Photography has always played a critical role in documenting the movement of people across borders. The photographs linked to the vast archive of Certificates of Exemption from the Dictation Test, for instance, put a face to those impacted by the Immigration Restriction Act (White Australia policy) for the first half of the 20th century. In more recent times, the 2015 photograph of the body of three-year-old Alan Kurdi washed up on a Turkish beach brought the horrors of the Syrian refugee crisis to a global audience. Photographs, as material (and now increasingly digital) objects, also cross borders to bear witness to the lived experiences of migration and diaspora.
The museum holds a rich archive of photographs relating to migration (many of which are in the process of being digitised), ranging from informal family snapshots to official portraits promoting government mass migration schemes after World War II. One of our most significant collections documents the fire and rescue on the Norwegian liner Skaubryn in the Indian Ocean in 1958. A selection of these photographs is now displayed in our Tasman Light Gallery to mark the 60th anniversary of the Skaubryn disaster.
The Skaugen liner Skaubryn was the only vessel lost at sea during the era of post-war migration to Australia. It was carrying 1,080 passengers and 208 crew when a fire broke out in the engine room on the evening of 31 March 1958. The vessel was approximately 800 miles from the British port city of Aden (now part of Yemen) and 360 miles from the African coast. Among the passengers were 736 German migrants, 168 Maltese migrants and 176 private passengers.
Within hours the passengers and crew were safely evacuated in the ship’s lifeboats, although one man, Mr Erich Walter Holz, died from a heart attack during the rescue operation. The fire destroyed the midships and forward part of Skaubryn and the vessel sank on 6 April 1958 while under tow to Aden.
The museum’s Skaubryn photographs were collected by Australian journalist Keith Woodward, who was a Public Information Officer for the Intergovernmental Committee for European Migration (ICEM, now International Organisation for Migration or IOM). Woodward was based in Geneva, Switzerland, and was one of three ICEM officials who flew to Aden to help coordinate the rescue efforts. ICEM was the successor to the International Refugee Organisation (IRO), which was established to assist the millions of Europeans displaced by World War II and arrange for their resettlement in countries such as Australia, Canada and New Zealand. Skaubryn transported some 20,000 European migrants during its seven-year career and also had the distinction of carrying ICEM’s 250,000th post-war migrant in 1954.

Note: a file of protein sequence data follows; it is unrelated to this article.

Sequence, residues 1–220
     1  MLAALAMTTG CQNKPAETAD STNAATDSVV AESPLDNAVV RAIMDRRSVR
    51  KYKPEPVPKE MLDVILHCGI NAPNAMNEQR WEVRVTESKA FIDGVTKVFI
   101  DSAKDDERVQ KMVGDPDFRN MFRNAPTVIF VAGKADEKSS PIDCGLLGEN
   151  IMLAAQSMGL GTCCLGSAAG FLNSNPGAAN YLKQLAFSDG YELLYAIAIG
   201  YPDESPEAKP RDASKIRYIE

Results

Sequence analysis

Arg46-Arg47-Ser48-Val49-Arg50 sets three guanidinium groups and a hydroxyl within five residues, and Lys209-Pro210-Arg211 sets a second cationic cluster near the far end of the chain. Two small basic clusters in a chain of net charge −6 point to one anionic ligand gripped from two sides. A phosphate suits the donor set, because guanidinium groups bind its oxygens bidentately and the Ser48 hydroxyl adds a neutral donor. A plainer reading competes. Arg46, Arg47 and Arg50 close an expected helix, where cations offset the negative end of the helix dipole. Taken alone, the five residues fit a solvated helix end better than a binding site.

The photographs document, in incredible detail, the fire engulfing Skaubryn and the ensuing dramatic rescue at sea. Many were taken from the vantage of the British cargo ship City of Sydney, which picked up the survivors in the Indian Ocean. They were later transferred to the Flotta Lauro liner Roma and returned to Aden.
Photographs capture the lifejacket-clad survivors crowded into lifeboats, climbing the gangway of Roma and their temporary accommodations on the Italian liner. Others show the new Queen Elizabeth Hospital in Aden, which opened early to house the survivors, and the private passengers, pregnant women and their families being airlifted to Australia. The remaining German and Maltese migrants resumed their journeys to Australia on the liners Orsova and Johan van Oldenbarnevelt.
One of the most powerful photographs shows passengers watching on from the deck of City of Sydney, as the ship that should have carried them to Australia burns in the middle of the ocean. One man turns to face the camera, staring directly into the photographer’s lens. Who is he? The museum is keen to hear from anyone who can identify this man or any of the other people pictured, to discover how their lives turned out after Skaubryn’s final passage.
– Kim Tao, Curator
Remembering Skaubryn – 60 years on is on show until 12 September 2018.